Dorgan Settlers in United States in the 19th Century

  • John Dorgan, who landed in Tippecanoe County, Ind in 1849 [1]CITATION[CLOSE]
    Filby, P. William, Meyer, Mary K., Passenger and immigration lists index : a guide to published arrival records of about 500,000 passengers who came to the United States and Canada in the seventeenth, eighteenth, and nineteenth centuries. 1982-1985 Cumulated Supplements in Four Volumes Detroit, Mich. : Gale Research Co., 1985, Print (ISBN 0-8103-1795-8)
  • Con Dorgan, who arrived in Washington County, Pennsylvania in 1880 [1]CITATION[CLOSE]
    Filby, P. William, Meyer, Mary K., Passenger and immigration lists index : a guide to published arrival records of about 500,000 passengers who came to the United States and Canada in the seventeenth, eighteenth, and nineteenth centuries. 1982-1985 Cumulated Supplements in Four Volumes Detroit, Mich. : Gale Research Co., 1985, Print (ISBN 0-8103-1795-8)

Dorgan Settlers in New Zealand in the 19th Century

  • Eliza Dorgan, aged 21, a servant, who arrived in Nelson aboard the ship "Gainsborough" in 1878

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Motto


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Motto



The motto was originally a war cry or slogan. Mottoes first began to be shown with arms in the 14th and 15th centuries, but were not in general use until the 17th century. Thus the oldest coats of arms generally do not include a motto. Mottoes seldom form part of the grant of arms: Under most heraldic authorities, a motto is an optional component of the coat of arms, and can be added to or changed at will; many families have chosen not to display a motto.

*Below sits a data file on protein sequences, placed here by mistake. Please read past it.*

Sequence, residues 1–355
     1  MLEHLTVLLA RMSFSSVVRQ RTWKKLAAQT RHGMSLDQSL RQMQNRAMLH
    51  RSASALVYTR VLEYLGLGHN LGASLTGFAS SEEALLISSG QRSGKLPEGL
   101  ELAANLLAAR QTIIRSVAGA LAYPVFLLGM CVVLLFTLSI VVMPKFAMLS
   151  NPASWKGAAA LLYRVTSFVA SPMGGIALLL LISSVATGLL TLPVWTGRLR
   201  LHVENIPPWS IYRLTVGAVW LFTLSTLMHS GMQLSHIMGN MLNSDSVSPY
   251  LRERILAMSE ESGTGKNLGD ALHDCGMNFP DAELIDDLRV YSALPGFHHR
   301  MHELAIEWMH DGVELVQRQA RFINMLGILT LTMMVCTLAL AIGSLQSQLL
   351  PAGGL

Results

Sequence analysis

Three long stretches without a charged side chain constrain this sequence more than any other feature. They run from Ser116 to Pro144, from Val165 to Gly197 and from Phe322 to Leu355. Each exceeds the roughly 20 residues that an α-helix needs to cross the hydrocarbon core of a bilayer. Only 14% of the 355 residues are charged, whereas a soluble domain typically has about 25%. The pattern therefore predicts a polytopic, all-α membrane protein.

Motto: Ultra fert animus
Motto Translation: The mind bears onwards


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Dorgan Family Crest Products


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Dorgan Family Crest Products




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See Also


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See Also




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Citations


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Citations